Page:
(Delighted to welcome back alumna Anna Spain, who contributes this guest post)
I am pleased to announce a new program on international dispute resolution that I’ll be helping to teach this summer. It will take place in Cyprus, a venue that provides a unique and important context for the study of international dispute resolution.
In 1960, Cyprus became an independent nation after being under British colonial rule, thus aggravating the ongoing dispute between Turkey and Britain over the territory. Hostilities in 1963 and 1974 ultimately resulted in Turkish Cypriots declaring their independence as the Turkish Republic of Northern Cyprus from the Republic of Cyprus. (This history is the subject of a post yesterday as well as many prior IntLawGrrls posts.)
Today, the island nation is divided de facto into these two communities by an UN-administered buffer zone. The UN Peacekeeping Mission (logo below left) has served to maintain the ceasefire on the island since 1964 under the mandate of UN Security Council Resolution 186. Issues pertaining to property, territory, governance and the Turkish vs. Greek cultural identities remain, although economic development has led to increased cooperation in recent years.
In 2002, efforts to resolve the dispute began under the Annan Plan, which was formally presented to the parties by UN Secretary-General Kofi Annan on March 31, 2004. Although the Plan, which proposed terms to adjust the territory and address outstanding property disputes, was not accepted by the parties at that time, future efforts are being considered.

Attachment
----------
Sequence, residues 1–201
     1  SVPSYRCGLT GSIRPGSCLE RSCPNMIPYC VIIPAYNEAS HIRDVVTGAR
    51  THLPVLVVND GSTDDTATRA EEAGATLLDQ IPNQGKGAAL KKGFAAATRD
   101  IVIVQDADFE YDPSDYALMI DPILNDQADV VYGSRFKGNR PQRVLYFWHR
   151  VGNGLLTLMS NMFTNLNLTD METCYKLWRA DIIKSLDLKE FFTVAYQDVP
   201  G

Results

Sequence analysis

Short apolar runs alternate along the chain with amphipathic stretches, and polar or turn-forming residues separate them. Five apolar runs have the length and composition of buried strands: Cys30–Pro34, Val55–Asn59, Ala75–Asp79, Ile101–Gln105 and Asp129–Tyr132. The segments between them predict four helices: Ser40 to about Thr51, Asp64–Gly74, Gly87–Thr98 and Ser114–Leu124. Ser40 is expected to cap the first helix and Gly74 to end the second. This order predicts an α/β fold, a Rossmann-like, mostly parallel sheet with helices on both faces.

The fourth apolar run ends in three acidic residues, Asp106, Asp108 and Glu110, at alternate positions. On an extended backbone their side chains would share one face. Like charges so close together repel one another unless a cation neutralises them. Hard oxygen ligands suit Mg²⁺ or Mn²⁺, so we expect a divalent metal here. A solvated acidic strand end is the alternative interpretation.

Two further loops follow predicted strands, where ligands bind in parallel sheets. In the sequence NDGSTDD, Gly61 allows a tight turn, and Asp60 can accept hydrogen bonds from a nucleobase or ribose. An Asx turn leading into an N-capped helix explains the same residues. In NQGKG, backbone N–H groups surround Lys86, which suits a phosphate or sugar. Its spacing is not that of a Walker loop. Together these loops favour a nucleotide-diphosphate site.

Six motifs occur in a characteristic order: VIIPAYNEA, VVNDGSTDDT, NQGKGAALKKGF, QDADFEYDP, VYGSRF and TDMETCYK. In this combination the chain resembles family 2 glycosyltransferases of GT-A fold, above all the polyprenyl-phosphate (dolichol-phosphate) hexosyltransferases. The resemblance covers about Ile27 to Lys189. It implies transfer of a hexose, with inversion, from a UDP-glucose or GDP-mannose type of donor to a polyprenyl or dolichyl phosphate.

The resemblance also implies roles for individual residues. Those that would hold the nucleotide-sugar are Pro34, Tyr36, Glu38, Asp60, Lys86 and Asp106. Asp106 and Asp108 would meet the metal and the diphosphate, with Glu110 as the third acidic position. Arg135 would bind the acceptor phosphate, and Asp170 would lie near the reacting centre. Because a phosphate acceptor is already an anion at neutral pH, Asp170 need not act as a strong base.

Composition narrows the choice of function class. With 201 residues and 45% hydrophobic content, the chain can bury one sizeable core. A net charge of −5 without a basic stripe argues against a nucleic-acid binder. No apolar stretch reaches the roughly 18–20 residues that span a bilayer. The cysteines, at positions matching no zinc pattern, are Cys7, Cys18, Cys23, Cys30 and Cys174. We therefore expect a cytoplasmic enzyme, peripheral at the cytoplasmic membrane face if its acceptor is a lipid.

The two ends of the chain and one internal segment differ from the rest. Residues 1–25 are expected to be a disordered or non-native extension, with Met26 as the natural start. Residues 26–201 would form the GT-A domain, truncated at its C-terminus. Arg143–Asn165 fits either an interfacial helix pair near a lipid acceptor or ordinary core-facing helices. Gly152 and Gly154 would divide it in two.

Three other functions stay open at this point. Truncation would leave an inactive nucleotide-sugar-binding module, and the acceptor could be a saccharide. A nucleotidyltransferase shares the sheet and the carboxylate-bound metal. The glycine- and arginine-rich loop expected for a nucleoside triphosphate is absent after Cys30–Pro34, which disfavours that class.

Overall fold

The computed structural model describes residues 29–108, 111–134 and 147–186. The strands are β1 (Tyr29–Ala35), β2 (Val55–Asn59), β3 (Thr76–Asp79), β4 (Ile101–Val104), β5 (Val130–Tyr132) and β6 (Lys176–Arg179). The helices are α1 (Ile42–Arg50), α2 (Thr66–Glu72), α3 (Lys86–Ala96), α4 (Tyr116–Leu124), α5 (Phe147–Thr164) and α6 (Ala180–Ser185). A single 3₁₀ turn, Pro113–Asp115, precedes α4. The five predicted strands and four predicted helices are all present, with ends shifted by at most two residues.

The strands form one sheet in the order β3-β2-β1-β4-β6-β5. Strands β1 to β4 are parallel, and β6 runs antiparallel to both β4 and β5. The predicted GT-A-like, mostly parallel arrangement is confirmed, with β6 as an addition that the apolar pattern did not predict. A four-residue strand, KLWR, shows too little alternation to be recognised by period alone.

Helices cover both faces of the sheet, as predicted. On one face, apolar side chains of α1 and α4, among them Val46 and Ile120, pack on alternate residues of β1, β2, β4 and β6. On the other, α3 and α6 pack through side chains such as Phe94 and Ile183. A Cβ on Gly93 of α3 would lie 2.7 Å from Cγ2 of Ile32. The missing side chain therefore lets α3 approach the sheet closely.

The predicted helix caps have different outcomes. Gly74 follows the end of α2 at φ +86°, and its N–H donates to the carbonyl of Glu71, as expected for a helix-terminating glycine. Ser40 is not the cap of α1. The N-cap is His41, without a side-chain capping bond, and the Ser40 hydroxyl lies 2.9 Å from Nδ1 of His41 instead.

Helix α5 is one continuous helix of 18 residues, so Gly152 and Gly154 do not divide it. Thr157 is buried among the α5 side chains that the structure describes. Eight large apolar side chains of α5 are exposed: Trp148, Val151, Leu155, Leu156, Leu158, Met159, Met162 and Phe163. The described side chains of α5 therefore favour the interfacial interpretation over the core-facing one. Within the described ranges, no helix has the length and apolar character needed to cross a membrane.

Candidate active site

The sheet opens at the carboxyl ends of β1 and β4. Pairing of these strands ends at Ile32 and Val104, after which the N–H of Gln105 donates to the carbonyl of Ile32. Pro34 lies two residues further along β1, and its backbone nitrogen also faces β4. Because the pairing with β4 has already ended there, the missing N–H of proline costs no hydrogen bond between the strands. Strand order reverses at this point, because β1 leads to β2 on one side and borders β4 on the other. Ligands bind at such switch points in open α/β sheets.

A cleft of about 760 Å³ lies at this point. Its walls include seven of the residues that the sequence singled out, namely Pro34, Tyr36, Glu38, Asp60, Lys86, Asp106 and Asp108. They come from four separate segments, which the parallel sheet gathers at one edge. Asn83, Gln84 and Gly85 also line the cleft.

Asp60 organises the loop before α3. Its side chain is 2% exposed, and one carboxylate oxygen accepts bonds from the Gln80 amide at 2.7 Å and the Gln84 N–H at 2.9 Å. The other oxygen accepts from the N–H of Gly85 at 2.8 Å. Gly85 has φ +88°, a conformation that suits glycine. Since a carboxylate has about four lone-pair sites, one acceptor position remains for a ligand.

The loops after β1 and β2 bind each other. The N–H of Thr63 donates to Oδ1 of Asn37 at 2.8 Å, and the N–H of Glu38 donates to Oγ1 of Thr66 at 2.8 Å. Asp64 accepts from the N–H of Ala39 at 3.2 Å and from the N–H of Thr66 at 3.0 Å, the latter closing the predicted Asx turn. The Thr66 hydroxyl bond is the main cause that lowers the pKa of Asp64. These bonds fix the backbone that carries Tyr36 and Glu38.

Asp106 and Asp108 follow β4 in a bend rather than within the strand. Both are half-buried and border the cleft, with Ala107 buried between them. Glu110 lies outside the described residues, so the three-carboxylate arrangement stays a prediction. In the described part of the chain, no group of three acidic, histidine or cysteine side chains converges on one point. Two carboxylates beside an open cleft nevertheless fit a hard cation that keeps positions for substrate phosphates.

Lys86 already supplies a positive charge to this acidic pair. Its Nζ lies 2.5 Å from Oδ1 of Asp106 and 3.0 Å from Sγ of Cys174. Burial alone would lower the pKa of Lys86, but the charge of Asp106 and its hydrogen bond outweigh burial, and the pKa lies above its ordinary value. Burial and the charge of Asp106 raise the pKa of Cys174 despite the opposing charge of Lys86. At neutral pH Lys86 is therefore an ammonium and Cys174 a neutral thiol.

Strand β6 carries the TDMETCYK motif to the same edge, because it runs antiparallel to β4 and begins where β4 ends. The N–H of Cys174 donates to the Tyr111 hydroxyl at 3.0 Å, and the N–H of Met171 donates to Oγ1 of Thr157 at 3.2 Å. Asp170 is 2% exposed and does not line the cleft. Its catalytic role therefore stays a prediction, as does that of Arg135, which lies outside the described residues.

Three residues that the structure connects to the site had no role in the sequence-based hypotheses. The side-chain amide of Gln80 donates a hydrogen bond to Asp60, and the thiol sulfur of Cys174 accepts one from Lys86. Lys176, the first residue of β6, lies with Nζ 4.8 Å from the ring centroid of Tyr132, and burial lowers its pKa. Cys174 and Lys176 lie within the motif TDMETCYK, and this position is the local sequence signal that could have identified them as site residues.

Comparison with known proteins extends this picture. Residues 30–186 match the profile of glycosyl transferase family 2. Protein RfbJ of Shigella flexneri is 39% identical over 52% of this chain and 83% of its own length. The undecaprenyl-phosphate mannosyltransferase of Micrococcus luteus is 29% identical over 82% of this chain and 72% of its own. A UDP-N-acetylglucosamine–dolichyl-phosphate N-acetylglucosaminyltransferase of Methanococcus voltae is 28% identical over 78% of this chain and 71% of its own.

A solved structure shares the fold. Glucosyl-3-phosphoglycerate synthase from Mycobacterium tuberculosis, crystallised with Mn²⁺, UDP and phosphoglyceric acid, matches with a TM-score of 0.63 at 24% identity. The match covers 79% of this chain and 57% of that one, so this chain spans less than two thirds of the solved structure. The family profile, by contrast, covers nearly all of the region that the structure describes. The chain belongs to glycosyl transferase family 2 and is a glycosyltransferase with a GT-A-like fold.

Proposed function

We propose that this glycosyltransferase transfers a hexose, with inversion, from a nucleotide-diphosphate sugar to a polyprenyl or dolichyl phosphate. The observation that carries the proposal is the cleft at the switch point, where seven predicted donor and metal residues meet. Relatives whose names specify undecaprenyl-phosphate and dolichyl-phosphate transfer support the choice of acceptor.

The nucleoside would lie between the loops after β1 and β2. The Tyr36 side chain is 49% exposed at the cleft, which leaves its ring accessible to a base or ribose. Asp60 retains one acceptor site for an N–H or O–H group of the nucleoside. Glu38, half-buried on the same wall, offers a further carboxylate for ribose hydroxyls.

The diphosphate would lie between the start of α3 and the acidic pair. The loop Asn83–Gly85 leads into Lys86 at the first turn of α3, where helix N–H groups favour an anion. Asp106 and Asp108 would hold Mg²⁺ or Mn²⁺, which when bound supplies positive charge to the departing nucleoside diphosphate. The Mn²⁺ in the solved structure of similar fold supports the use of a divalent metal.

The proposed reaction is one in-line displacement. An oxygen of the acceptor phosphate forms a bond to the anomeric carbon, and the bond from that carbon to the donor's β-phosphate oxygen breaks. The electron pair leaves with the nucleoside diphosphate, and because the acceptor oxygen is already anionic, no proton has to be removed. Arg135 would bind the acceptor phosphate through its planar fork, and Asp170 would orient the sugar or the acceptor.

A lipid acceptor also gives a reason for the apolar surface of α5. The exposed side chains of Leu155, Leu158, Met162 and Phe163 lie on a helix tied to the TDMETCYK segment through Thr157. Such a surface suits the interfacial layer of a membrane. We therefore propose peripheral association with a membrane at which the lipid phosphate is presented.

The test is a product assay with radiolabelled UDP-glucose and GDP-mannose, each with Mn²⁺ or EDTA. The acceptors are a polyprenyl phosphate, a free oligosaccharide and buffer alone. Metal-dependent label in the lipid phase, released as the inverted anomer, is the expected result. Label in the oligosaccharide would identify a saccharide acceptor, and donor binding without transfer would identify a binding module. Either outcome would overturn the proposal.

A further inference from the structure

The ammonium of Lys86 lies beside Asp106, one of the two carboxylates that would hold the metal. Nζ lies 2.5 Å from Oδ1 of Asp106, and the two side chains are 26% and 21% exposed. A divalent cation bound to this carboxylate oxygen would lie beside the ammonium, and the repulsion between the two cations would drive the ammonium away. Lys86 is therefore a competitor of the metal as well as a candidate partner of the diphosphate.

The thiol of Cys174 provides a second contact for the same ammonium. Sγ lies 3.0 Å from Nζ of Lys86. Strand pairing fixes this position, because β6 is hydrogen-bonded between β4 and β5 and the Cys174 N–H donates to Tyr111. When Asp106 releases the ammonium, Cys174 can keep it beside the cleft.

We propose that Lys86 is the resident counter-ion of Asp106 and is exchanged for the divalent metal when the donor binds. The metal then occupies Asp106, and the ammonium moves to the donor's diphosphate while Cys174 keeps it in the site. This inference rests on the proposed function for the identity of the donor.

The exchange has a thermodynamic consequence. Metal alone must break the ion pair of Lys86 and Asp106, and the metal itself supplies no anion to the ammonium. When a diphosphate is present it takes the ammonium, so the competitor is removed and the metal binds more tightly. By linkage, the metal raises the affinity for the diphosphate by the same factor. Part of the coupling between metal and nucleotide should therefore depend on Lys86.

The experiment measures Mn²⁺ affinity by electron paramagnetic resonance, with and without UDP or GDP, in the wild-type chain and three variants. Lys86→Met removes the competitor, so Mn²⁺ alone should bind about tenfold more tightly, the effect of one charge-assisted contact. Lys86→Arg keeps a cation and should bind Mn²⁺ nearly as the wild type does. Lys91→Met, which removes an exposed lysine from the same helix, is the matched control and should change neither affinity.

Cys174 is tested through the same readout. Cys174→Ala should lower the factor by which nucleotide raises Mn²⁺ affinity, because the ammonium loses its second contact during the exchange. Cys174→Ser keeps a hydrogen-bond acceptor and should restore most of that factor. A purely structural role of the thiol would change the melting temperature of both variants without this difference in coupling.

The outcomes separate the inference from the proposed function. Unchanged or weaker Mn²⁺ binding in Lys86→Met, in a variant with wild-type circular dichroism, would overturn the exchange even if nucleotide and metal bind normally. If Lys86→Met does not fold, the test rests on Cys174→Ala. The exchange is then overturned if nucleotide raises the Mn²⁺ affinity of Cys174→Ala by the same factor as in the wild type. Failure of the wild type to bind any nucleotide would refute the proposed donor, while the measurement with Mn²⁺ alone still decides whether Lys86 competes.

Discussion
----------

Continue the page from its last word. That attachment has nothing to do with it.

Our innovative study abroad program is inspired by this history.
It’ll be taught by Cesare Romano, Professor of Law at Loyola Law School and Director of the Cyprus Program and me. We will strive to understand the complex factors contributing to this and other international disputes around the world. As detailed here, we will spend one week at the University of Nicosia in the southern part of the island of Cyprus, and two weeks at Eastern Mediterranean University in the north. Participants will also visit the UN Peacekeeping Mission.
The program is designed to offer a comprehensive study of
► International dispute resolution mechanisms; and
► How those mechanisms are used to manage international conflict and to resolve international legal disputes.
The three-week, four-credit course will cover a broad spectrum of topics, including international law, the use of adjudication in international courts and tribunals, negotiation, mediation and other peacebuilding approaches.
I am delighted to be involved in this initiative, both professionally and personally.
The situation in Cyprus offers me an opportunity to expand my research and scholarship about how process, through international dispute resolution, can contribute to resolving conflict and influencing state-behavior. Identity-based conflicts and intra-state conflicts, like the one in Cyprus, are on the rise, expanding international disputes beyond the traditional inter-state context. As a result, new approaches are required. (See my recent article discussing this, Integration Matters: Rethinking the Architecture of International Dispute Resolution.) This initiative will also draw upon my prior experiences as an attorney-adviser at the U.S. Department of State – working with the UN Compensation Commission and the Iran-U.S. Claims Tribunal – in considering ways to approach the property disputes that are a contributing factor to the situation on Cyprus.
On a more personal note, I began my work in this field 17 years ago when, as a high school student, I helped mediate racial tensions between black and white members of my community. I understand first-hand how sensitive and challenging addressing identity-disputes can be. I also believe that progress is possible, and I look forward to sharing this optimism with those who join us in Cyprus this summer.
This program is open to law students as well as members of the general public. Applications are due April 8, 2011. For more information or to apply, visit here.